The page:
Credit to Lance Lynn. I can’t say I was too excited when the Yankees acquired him last month (it felt kinda like ‘Jaime Garcia Revisited’) but this guy has a mental toughness that I did not know or expect. I guess if I had been paying better attention to the St Louis Cardinals the last few years, I would have known but the Cards are not exactly high on my priority list. Lynn didn’t provide the Yankees with length since he was gone after five innings and 99 pitches, but at least he held the Rangers to only one run on five hits. He issued three free passes but at least he struck out eight. If he had given up three or four runs, the Yankees most likely would have lost this game. He may not have gotten the win (thanks to Zach Britton’s meltdown), but he put his team in position to win. That’s all you can ask.

Photo Credit: NY Post (Corey Sipkin)

As for Britton, I am not going to rip the guy. He missed most of the season after rupturing his right Achilles while sprinting during an off-season workout last December. He was still working himself back to form when the Yankees acquired him from the Baltimore Orioles. With the Yankees, his role changed from closer to basically seventh inning setup. The other night, after Chad Green had given up a couple of runs, he placed some of the blame on his role change. The same can be said for Britton. He’s a pro, and he is only a couple seasons removed from being the most elite reliever in baseball before injuries derailed him. I think as he rounds back into form, he’ll give the Yankees the pitcher they thought they were acquiring from the O’s.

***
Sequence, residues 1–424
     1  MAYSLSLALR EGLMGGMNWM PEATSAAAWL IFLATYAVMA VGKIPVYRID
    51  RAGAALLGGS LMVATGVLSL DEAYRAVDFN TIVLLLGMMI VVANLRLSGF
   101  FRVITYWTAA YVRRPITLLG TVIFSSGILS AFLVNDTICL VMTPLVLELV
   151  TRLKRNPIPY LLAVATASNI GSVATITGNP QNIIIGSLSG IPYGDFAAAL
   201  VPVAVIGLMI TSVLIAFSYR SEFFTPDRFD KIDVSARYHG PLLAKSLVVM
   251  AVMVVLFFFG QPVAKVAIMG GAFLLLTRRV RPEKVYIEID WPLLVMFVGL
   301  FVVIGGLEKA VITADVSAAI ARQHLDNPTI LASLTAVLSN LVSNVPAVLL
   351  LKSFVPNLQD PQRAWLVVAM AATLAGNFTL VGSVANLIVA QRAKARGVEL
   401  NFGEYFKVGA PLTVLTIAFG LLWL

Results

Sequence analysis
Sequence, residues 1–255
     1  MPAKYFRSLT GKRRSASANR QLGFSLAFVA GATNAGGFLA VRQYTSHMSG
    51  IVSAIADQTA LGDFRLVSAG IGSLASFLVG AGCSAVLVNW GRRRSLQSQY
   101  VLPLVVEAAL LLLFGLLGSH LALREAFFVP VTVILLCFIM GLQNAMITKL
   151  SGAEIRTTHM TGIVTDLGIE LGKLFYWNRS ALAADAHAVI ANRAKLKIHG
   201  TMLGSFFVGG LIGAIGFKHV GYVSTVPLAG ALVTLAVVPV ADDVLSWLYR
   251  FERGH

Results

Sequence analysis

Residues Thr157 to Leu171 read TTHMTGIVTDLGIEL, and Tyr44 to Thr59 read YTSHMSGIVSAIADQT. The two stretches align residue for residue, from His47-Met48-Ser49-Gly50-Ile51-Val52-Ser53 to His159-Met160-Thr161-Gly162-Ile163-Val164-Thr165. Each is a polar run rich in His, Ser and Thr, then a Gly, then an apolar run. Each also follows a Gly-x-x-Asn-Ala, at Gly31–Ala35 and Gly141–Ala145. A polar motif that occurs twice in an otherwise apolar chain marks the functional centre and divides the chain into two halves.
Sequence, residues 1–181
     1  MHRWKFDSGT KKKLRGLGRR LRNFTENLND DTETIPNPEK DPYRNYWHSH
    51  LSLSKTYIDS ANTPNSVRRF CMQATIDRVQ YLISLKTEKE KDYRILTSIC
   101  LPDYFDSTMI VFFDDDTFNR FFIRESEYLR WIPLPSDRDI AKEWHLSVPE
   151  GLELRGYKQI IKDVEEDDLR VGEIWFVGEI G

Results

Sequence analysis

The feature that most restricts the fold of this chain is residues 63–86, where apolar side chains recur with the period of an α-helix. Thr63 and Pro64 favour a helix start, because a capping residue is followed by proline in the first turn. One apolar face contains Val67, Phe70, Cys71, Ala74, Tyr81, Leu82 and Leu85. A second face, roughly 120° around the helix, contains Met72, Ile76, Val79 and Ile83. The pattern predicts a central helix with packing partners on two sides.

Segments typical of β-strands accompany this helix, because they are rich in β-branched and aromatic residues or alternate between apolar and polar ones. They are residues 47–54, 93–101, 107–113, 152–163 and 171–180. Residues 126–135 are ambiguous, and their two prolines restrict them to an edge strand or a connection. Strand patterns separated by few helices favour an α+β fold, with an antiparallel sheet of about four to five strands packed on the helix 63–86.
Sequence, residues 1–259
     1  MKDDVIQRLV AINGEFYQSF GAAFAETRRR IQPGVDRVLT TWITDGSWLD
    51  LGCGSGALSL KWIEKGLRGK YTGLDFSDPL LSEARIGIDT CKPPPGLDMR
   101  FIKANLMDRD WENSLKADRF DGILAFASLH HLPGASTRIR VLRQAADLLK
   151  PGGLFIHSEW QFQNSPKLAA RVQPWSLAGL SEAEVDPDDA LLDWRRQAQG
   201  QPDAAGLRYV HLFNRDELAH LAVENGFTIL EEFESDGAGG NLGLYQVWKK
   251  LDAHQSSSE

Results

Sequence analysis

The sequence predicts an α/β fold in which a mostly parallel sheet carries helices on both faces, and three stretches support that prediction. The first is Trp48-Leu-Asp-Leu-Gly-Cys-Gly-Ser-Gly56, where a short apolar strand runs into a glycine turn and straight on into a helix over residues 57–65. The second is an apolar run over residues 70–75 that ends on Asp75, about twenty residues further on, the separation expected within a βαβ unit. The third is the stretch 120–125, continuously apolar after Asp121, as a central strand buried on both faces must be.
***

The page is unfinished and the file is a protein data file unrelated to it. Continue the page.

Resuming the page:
Nevertheless, the seventh inning was ugly. After retiring the first two batters, Britton loaded the bases on a couple of hits and a walk. He then walked future Hall of Famer Adrian Beltre to cut the Yankees’ lead to 3-2. Exit Britton and enter Dellin Betances. A balk on the big guy tied the game and removed Lynn’s ability to get the win.